“I believe that we should love the whole history of music, and not segregate it. We should love all parts of jazz music and the trajectory of Afro-American music, and that is what you hear in the Shakes,” Mwenso said in regard to the genre-defying nature of the band. 

“[The Shakes] are trying to deal with three values: 1) To present the whole history of Afro-American music in a certain way, [including] root and folk music; 2) To have a spiritual message that deals with overcoming and believing in yourself, and knowing that God is within you, and knowing the power that you have to take the time and be aware of who you are; and 3) To be able to present a show that deals with vaudeville cabaret and theatrical presentations,” Mwenso said. 

The musical process behind Mwenso & the Shakes is organic and creative, using improvisation to create all of their tracks.  

“We deal with themes first,” Mwenso said about the band’s songwriting process. “Take a song like ‘No Regrets’: when we first started doing that I would tell the band, it’s like a march. Then there’s a second part where we go to a Middle Eastern energy. So we kind of speak in those terms. We talk about it like the sounds in a sense of reflection of the world.” 

“Everything we play we’ve learnt orally; none of it is written down. So all of this music we’ve learnt we did from hearing it in our heads and ingraining it in a certain way. For us that is the purest way of learning music, so your ears are trained and so you have the folkloric understanding of the music that has been passed down from generation to generation, and through ears and mind and spirit,” Mwenso said.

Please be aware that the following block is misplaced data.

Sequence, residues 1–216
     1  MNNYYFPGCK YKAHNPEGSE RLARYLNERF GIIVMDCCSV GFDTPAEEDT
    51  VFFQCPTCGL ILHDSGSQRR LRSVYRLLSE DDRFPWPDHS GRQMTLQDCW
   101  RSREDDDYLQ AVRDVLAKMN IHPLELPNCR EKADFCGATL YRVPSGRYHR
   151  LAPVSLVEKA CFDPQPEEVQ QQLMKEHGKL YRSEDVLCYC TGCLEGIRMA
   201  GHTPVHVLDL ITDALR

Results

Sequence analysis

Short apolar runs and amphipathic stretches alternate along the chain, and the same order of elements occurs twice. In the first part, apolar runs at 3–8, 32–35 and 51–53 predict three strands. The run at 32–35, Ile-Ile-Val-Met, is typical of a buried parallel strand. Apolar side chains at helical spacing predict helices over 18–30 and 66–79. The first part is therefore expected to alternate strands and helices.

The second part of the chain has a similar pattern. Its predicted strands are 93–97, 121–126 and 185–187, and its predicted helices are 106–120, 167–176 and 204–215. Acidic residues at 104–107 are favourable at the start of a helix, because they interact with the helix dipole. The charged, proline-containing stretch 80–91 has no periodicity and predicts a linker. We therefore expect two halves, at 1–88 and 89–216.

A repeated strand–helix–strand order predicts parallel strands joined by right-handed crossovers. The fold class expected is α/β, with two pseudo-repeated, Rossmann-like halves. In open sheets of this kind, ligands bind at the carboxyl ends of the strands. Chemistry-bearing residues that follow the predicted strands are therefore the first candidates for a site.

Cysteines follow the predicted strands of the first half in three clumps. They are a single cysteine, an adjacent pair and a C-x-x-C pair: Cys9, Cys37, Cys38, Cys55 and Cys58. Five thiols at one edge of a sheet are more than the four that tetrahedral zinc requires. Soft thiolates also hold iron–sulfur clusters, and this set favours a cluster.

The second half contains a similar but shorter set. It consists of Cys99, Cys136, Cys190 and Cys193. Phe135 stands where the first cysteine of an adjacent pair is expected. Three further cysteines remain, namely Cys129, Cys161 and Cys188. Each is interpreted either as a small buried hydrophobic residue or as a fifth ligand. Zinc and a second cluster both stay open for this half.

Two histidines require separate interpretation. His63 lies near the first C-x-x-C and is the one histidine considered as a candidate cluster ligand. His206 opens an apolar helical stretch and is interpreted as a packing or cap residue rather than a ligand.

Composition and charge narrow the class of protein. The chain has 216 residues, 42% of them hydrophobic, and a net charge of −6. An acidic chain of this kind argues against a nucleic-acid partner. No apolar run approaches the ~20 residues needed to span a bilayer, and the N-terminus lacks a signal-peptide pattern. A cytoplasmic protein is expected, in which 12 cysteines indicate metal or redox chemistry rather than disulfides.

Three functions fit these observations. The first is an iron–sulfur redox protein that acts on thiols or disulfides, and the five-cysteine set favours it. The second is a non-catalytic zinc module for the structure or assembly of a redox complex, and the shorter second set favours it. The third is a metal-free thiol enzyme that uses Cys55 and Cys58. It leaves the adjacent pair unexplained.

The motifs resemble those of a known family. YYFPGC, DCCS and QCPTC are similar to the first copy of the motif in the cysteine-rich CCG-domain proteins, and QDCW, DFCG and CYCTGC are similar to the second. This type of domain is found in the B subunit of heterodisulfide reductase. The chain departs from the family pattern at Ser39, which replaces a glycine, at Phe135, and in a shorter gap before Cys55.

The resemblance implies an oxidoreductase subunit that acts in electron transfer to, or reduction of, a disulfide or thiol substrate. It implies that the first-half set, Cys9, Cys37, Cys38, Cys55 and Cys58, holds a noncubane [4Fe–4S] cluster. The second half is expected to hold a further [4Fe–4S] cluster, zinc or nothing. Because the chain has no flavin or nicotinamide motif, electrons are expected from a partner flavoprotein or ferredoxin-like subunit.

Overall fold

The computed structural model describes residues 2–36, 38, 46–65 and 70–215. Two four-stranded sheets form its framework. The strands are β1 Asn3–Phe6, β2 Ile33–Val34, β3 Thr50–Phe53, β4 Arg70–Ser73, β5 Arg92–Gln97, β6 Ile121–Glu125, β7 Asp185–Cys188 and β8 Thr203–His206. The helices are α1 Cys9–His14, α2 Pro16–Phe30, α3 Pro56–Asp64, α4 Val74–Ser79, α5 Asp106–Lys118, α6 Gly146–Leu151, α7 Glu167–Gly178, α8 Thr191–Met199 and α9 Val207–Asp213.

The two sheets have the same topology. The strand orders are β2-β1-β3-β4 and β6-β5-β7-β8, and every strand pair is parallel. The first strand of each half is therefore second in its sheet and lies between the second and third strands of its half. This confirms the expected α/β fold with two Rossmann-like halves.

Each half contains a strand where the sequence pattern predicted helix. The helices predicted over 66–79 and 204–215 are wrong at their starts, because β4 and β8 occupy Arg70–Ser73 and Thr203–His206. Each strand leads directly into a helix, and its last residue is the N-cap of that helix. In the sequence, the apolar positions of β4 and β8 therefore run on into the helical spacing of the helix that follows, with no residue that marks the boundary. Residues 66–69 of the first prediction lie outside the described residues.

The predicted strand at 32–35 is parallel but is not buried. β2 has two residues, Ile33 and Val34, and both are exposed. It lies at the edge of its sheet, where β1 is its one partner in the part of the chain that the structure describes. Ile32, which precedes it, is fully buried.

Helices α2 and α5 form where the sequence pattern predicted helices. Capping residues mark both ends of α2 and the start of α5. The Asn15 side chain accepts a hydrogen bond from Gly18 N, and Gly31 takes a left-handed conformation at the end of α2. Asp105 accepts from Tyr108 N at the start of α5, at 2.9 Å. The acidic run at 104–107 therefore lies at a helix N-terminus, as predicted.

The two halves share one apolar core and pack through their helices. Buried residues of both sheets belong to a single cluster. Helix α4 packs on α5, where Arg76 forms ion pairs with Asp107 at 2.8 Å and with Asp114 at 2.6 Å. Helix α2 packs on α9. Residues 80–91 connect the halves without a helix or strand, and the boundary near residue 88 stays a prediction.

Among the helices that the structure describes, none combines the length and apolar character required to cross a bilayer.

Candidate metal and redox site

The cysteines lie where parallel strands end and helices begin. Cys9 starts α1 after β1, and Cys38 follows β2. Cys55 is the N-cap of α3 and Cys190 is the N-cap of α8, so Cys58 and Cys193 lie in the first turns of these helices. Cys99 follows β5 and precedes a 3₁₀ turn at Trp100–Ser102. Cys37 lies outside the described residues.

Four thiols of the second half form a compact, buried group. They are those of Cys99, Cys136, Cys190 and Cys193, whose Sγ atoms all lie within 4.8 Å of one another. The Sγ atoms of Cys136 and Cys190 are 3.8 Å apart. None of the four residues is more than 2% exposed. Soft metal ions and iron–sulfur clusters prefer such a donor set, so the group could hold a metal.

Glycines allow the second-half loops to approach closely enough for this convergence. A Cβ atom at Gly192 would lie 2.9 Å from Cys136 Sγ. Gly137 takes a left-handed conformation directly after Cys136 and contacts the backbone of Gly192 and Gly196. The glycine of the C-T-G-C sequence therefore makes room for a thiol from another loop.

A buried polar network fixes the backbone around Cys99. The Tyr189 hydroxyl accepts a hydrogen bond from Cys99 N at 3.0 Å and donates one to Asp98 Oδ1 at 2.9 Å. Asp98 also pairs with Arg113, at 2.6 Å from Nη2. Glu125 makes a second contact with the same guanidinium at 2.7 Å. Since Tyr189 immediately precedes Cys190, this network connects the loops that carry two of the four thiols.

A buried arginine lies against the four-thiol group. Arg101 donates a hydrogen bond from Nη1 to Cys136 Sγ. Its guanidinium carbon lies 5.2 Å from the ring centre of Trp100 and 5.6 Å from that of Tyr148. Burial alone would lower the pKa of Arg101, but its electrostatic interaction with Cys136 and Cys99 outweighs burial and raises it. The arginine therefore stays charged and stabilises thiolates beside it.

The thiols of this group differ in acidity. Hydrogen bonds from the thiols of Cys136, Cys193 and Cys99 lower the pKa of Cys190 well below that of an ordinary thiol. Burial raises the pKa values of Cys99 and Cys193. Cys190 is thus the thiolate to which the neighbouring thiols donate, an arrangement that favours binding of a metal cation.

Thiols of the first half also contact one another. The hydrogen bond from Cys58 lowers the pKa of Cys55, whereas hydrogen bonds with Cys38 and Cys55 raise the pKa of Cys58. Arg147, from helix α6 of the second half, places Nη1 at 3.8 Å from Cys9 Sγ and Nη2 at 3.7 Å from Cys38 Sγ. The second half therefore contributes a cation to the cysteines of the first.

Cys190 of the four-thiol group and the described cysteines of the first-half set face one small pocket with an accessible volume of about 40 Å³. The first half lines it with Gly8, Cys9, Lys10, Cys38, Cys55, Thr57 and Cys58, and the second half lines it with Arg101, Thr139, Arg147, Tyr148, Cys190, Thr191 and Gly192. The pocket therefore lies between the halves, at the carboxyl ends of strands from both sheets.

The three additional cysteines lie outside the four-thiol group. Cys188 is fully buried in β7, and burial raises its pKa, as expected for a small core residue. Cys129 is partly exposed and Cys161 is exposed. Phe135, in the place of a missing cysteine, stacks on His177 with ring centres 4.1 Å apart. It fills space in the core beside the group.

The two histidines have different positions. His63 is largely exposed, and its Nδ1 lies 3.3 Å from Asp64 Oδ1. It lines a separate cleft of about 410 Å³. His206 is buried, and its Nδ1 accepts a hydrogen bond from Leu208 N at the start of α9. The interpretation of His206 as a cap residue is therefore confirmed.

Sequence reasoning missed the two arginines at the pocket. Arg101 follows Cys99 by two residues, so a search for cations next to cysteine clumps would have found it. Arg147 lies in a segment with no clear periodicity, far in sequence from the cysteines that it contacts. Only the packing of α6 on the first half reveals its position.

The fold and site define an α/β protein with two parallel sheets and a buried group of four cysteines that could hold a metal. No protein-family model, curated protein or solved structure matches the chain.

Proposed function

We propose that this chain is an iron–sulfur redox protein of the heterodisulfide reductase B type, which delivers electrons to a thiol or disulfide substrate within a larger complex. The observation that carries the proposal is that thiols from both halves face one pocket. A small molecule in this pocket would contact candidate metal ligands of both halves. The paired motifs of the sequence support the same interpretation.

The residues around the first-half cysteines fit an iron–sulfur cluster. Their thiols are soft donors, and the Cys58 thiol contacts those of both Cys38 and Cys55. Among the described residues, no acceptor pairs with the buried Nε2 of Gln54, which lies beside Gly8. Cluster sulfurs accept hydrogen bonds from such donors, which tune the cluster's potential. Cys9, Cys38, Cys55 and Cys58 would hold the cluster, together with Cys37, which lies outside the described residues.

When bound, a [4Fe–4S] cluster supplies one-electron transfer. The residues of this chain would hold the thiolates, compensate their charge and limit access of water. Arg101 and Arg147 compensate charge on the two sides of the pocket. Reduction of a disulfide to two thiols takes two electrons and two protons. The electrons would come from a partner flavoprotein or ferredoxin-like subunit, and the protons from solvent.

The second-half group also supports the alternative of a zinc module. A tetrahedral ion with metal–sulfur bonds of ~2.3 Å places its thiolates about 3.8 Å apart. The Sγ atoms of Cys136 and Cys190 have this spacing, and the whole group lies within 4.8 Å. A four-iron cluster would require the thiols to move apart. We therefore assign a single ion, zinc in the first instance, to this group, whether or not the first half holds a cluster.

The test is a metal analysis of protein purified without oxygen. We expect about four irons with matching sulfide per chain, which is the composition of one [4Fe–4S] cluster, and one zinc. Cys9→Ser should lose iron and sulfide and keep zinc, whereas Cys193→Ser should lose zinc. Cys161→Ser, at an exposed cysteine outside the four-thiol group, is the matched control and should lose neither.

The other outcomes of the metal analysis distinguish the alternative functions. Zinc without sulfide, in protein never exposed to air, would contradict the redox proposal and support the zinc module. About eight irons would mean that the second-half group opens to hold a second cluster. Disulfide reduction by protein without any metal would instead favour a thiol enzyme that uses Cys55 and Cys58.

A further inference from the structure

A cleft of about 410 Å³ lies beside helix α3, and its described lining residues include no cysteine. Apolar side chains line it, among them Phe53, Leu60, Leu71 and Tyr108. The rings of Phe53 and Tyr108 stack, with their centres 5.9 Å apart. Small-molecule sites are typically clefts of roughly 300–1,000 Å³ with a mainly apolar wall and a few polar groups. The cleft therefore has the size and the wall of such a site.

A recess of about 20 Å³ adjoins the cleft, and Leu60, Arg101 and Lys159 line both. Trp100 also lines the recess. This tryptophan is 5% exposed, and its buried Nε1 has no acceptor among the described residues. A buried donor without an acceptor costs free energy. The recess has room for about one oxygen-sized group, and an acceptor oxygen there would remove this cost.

This live and improvisational energy transferred over into “Emergence,” the band’s debut album. Every track except for one was recorded from a live show at Creative Alliance in Baltimore.  

“We have been bred in the university of playing live; we’re live performing artists, and believe in performing the art and performing the music in a certain way, so you’re dealing with it both physically and spiritually,” Mwenso said. 

“The studio education is something that as jazz musicians and live performers in this particular time, we’re not trained at,” Mwenso said. “For us, we still need to really study [the process] of playing in the studio and getting the feel of how we play live in the studio.” 

The choice to record at Creative Alliance in Baltimore was no mere coincidence.